Sunday, September 03, 2006

Mythos and Logos: Hollywood Version

I recently stumbled across this article in the New York Times titled "If Hollywood is a Game, this Player Says that it is Over." The article is on Michael Tolkin the author of The Player, the book that was the basis of Robert Altman's film. In the article Tolkin argues that what Hollywood is facing is nothing less than a collapse of the basic narrative structure of the hero's journey.

“The movies haven’t been very good the last three or four years, they really haven’t,” he said. “Everybody knows that. At least that, maybe more. And what they were will never return.” The source of all this creative-industrial-complex angst is the death of what he both eulogizes and parodies: the classic journey-of-the-hero story structure, analyzed by Joseph Campbell in the 1940's, popularized a generation ago by George Lucas through “Star Wars,” spouted and shorthanded by studio executives ever since, and all but trampled to death, Mr. Tolkin said, by nearly every subsequent action movie and thriller that Hollywood has turned out.
Or as Griffin puts it: “Physics cracked the atom, biology cracked the genome and Hollywood cracked the story.”

Now there is perhaps nothing less original the bemoaning the fallen state of Hollywood, but what is interesting is the reason that he gives for it. It is at this point that the article caught my eye:

“I don’t think America’s had a good movie made since Abu Ghraib” Mr. Tolkin said, before clarifying that he’s talking about big movies, not the minuscule ones that have met the industry’s quotas for unembarrassing award nominees.“I think it showed that a generation that had been raised on those heroic movies was torturing. National myths die, I donÂ’t think they return. And our national myth is finished, except in a kind of belligerent way”

Now this is perhaps a bit too optimistic, after all it assumes that everyone is upset about Abu Ghraib, and the war for that matter. (Plus it does nothing to explain The Phantom Menace.) At the same time, it does raise the interesting issue that if war remains our basic template for heroism, and the current war is one that is at the very least fraught with ambivalence if not disdain, where does that leave us with respect to our myths?

A quote from Jameson ups the ante on this: "The west has long since found itself unable to think the category of the 'great collective project' in terms of social revolution and social transformation. But we have convenient subsitute, in any case far less demanding on the imagination: for us, and as far back in 'modernity' as we can determine, the great collective project--the 'moral equivalent of war'--is simply war itself. It is finally as a war machine that the efficiency of the state is judged: and no doubt modern warfare offeres a very advanced form of collective organization indeed. But a fundamental structural and ideological imagination is surely demonstrated by this lack of alternatives, and by the persistence of World War II in the American mind as the great Utopian moment of national unification and the lost object of our political desire" (A Singular Modernity pg. 212).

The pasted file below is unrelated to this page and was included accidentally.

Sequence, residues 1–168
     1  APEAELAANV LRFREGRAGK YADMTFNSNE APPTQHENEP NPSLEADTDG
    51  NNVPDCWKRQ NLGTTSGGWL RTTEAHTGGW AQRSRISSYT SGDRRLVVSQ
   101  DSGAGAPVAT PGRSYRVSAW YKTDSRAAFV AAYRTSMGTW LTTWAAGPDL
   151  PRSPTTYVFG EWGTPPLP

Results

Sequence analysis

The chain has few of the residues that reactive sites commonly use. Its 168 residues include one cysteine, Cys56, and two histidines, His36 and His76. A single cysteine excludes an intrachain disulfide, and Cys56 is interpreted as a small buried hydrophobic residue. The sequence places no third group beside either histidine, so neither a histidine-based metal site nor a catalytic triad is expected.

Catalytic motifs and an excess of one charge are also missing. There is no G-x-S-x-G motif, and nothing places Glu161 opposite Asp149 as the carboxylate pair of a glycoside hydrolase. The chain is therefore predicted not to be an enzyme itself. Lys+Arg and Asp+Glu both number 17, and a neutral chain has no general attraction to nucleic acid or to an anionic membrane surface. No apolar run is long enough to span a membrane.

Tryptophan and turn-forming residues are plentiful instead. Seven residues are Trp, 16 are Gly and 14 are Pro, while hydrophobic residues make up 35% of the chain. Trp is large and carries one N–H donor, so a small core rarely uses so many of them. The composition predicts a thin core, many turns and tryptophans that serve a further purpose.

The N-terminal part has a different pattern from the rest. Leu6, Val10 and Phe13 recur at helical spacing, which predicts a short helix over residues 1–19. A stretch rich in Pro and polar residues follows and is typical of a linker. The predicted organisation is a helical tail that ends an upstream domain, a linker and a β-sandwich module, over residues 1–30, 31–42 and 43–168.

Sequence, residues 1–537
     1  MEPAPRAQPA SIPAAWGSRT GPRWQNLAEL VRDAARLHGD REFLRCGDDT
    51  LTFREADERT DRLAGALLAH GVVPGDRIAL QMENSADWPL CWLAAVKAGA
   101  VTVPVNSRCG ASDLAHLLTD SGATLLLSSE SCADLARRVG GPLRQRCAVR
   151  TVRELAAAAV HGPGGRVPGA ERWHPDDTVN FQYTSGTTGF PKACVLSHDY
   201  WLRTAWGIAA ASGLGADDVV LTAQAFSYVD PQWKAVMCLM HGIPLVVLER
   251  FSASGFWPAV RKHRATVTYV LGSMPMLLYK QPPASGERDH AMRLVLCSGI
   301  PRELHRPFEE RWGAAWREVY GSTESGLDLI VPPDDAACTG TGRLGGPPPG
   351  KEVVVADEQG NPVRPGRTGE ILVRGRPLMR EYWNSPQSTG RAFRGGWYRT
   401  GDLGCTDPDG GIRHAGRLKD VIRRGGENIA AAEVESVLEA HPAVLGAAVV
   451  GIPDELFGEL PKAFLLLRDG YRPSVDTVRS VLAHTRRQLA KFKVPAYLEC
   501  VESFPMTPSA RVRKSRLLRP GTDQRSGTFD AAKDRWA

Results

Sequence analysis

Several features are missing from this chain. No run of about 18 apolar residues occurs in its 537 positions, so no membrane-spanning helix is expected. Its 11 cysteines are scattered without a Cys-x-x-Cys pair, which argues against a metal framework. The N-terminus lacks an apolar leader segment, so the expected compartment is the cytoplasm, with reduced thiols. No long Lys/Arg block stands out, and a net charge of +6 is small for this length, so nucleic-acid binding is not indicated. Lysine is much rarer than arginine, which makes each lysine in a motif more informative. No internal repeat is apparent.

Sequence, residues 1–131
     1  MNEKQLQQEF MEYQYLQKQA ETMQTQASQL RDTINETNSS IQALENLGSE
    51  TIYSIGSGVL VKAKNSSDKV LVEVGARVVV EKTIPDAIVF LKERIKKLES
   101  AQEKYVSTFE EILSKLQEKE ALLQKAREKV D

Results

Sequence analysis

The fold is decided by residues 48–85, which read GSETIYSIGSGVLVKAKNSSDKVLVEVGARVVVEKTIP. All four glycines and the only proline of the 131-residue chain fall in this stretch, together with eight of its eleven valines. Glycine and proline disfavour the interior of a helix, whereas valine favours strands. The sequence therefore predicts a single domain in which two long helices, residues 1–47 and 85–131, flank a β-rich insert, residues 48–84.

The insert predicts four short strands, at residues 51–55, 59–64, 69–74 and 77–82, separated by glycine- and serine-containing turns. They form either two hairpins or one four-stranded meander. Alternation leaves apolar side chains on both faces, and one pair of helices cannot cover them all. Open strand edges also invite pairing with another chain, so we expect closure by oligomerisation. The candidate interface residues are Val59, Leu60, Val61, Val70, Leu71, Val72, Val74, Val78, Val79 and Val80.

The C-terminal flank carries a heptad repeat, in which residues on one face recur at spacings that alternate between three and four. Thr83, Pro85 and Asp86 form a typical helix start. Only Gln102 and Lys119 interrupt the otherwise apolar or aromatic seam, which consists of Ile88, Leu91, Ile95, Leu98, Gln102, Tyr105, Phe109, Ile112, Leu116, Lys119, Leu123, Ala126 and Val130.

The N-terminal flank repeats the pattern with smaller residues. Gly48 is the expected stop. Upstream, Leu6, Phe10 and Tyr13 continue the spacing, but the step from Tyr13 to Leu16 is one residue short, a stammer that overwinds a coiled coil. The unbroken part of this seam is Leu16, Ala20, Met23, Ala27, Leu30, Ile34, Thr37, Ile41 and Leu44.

What strikes me about this is how our current war pales in the face of this, it is a war without a "collective" dimension (that is unless you count those-"support-the-troops"-magnets-that demonstrate-unconditional-support-without-damaging-the-resale-value-of-one's-car). Or, perhaps more accurately it is a war which manifests itself as a collective insecurity. We all participate through fear, through the spread of the news of the latest thwarted terrorist plot, or news tidbit about unprotected water towers and reservoirs.

Ranciere argues (Yes, I have been reading a great deal of him as of late) that this offers a new definition of the state, or a definition of the new state. Playing off of the current administrations "old/new Europe" distinction, in which "old" Europe followed the electorate's hostitility towards the war in Iraq and "new" Europe towed the line, treating democracy like a "focus group," Ranciere argues we should define the "new" democracy, the new state as follows:

The advanced capitalist State is not one of automatic consensus, of adjustments between the daily negotiation of pleasures and the collective negotiation of power and its redistributions. It does not proceed by defusing passionate conflicts and disinvesting values. It does not self-destruct in the limitless freedom of digital communication and the polymerization of individual identities so destructive to social ties. Where commodities rule without limit, whether in post-Reagan America or post- Thatcher England, the optimal form of consensus is one cemented by fear in a society grouped around the warrior State. ("On War as the Advanced Form of Advanced Plutocratic Consensus" pg. 254).

So perhaps we will need new myths, new stories, that are no longer based on the outdated hero (Tolkin's example) or even the sublated collective project (Jameson) but on a society governed by fear and separation.

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